The father of his deceased 24 year old daughter has commenced a lawsuit in New York against Intuitive Surgical, Inc., the maker of the da Vinci surgical robot, alleging that the device caused her death.
In his complaint, filed by the firm of Rheingold, Valet, Rheingold, McCartney & Giuffra LLP of New York City, Gilmore McCalla asserts that when his daughter was having a hysterectomy in Bronx hospital in August 2010, the robot caused burns to an artery and her intestines, which led to her death two weeks later.
The complaint alleges design flaws in the da Vinci robot, including un-insulated surgical arms and use of electrical current which can jump to healthy internal organs and tissue. It also alleges that physicians are not properly trained on the device, and that Intuitive Surgical has failed to run randomized tests as to complications with its robot.
The McCalla complaint, filed in the federal court in New York City on April 4, 2012, 12civ2597, also asserts that the manufacturer has suppressed reports of complications, and has oversold the merits of its da Vinci robot to hospitals considering buying it. The machine costs of upwards of $2 million to purchase and then has a sizeable annual maintenance cost.
McCalla is also asserting, in separate litigation, that the surgeon operating the robot and the hospital where the procedure was being done were careless, in part in not discovering the damage done by the robot.
The da Vinci robot is operated remotely from a console by a surgeon. Several arms are placed into the patient, for burning away tissue in order to remove the diseased organ, and also for a camera.
Numerous complications have been reported in medical journals with the use of the da Vinci robot in various types of surgery, not only hysterectomies as in the McCalla case but also other gynecologic surgery, and prostate surgery. The common types of injuries are tears and burns, to blood vessels, intestines, uterus and vaginal cuff dehiscence. Often these injuries are delayed in their appearance after the actual surgery.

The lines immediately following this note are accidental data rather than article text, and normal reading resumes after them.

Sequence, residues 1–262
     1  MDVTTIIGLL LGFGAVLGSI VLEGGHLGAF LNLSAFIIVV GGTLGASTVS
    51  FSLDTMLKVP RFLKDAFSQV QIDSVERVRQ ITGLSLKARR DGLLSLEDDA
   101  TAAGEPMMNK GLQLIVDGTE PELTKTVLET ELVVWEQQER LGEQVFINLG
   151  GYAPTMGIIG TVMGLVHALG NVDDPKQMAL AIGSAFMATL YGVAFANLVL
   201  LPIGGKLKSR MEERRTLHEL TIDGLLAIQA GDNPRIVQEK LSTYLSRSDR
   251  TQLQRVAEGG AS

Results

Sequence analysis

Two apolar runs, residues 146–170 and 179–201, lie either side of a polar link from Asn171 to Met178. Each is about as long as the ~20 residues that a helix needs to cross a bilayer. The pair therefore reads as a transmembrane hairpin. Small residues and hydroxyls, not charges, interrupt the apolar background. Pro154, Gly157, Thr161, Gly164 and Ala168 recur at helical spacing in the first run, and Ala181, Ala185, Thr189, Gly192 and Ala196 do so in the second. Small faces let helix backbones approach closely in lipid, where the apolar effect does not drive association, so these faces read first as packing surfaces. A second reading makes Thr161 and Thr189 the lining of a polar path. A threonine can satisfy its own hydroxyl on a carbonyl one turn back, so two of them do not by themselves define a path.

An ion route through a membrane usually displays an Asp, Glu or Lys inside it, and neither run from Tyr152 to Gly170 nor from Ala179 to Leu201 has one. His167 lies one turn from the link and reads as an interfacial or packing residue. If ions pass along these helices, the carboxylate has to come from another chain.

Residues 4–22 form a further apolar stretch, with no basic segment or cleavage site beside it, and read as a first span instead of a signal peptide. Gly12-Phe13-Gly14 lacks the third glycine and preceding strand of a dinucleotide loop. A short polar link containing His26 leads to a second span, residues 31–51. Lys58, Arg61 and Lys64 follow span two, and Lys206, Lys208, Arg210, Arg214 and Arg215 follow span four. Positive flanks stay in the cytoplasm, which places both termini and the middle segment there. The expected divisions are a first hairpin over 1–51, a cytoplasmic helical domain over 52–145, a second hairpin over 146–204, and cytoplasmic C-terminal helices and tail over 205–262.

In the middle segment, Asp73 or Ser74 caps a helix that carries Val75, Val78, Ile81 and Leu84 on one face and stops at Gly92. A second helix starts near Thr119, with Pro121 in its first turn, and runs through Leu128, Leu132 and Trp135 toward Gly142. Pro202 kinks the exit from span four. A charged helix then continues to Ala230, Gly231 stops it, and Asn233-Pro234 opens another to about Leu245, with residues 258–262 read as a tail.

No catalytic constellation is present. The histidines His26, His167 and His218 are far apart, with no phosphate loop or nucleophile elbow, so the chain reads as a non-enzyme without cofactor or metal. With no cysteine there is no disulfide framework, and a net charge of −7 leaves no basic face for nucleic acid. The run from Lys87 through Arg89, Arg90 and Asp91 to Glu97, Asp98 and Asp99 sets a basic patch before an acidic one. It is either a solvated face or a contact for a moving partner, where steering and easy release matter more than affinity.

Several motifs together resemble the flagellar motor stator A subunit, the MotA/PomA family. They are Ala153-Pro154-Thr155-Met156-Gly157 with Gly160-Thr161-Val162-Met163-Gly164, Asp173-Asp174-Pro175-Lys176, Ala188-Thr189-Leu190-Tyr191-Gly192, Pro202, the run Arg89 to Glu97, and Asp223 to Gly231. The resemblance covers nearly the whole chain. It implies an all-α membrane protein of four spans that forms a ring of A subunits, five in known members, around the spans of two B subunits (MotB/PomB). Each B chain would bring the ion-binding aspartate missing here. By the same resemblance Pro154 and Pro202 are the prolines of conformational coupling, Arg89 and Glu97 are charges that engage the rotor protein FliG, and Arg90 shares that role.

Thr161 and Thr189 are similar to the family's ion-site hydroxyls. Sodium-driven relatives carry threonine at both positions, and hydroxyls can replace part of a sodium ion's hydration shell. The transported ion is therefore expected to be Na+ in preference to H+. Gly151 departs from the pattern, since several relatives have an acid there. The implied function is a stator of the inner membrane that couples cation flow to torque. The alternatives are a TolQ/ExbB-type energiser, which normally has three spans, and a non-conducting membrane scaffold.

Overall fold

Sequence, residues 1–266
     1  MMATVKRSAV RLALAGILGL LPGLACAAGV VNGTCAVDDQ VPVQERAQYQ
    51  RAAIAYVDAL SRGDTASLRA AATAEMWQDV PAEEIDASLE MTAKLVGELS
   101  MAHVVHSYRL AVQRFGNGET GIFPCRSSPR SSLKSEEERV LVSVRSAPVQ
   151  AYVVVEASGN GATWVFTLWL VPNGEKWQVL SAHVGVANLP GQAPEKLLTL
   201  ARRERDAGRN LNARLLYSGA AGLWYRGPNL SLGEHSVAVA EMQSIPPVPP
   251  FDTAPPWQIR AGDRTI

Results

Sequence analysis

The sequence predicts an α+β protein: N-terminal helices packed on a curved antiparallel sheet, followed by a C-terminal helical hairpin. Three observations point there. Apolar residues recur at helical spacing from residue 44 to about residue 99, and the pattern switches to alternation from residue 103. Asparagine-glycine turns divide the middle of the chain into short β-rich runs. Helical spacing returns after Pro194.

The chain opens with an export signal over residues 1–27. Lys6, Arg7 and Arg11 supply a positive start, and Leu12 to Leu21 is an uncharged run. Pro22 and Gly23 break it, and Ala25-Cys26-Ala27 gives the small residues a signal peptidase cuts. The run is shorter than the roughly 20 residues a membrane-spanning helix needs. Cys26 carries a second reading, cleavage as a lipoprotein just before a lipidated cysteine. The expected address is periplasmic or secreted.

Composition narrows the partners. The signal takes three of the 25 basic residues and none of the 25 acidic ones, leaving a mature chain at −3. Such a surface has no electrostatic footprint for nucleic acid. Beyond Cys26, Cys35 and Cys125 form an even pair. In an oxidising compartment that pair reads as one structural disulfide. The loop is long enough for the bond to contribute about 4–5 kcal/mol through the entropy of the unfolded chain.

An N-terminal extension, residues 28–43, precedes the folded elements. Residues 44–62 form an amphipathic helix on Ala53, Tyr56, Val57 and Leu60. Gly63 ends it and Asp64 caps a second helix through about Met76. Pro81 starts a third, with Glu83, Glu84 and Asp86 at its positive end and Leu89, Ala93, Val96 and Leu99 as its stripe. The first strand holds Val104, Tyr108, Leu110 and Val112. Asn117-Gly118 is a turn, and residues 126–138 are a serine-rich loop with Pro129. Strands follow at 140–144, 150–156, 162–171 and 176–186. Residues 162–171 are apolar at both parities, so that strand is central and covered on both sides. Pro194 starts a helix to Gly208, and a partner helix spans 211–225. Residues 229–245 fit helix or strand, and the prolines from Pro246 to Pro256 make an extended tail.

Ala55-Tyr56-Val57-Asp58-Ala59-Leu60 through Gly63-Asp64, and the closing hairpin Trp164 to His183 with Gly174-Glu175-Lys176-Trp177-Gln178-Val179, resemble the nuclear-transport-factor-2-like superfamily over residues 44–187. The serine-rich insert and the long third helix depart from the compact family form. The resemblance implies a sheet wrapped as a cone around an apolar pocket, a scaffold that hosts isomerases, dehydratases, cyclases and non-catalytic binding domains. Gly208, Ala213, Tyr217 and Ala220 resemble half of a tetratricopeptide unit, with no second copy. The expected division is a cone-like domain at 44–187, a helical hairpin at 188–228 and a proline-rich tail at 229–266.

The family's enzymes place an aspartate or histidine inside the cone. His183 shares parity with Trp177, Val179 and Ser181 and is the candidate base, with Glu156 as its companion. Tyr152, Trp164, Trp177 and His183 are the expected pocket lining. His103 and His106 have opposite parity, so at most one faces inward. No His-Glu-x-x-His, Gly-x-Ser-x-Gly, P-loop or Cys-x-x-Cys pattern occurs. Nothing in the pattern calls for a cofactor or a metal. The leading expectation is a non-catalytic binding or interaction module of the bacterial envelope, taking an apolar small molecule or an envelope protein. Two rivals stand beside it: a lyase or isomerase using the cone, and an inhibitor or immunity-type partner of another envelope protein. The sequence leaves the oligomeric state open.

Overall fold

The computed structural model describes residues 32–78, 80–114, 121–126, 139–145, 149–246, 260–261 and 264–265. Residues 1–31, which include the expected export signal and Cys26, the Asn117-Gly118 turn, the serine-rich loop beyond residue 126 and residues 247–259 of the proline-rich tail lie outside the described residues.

Intuitive Surgical, Inc., is headquartered in Sunnyvale, CA. It is currently the sole manufacturer of surgical robots in the country. Its stock is traded on the NASDAQ exchange under the letters ISRG. Recent annual earnings were more than $1.75 billion and its balance sheet showed more than $3 billion in assets.
The cost for performing robotic surgery greatly exceeds the type of laparoscopic or open surgery it replaces, and there has been debate in the medical literature whether the extra costs-whether paid by insurance companies, the government or patients-is justified because of claimed better outcomes with the device. The complaint alleges that Intuitive Surgical has not sponsored any comparative safety tests where patients are selected prospectively as compared to just looking at results.
In evaluating the cost-benefit ratio in the use of expensive robotic surgery, some medical groups have questioned the use of robotic surgery. These include the American College of Obstetricians and Gynecologists; and the Kaiser Foundation.
In certain instances where there are complications while performing robotic surgery, it may be necessary to sue both the robot manufacturer and the surgeon, who may have been careless in operating the machine. That is the true of the McCalla litigation. However, often the surgeon has not been properly trained by Intuitive Surgical on the use of the machine and so may not realize that burns and tears are being inadvertently caused.
Rheingold, Valet, Rheingold, McCartney & Giuffra LLP is a plaintiffs law firm in New York handling national litigation involving defective medical drugs and devices. Currently it is involved in mass litigation involving the NuvaRing birth control device, the Yaz birth control pill, the DePuy ASR metal-on-metal hip replacements, femur fractures in Fosamax users, among other suits. The firm also handles medical malpractice cases.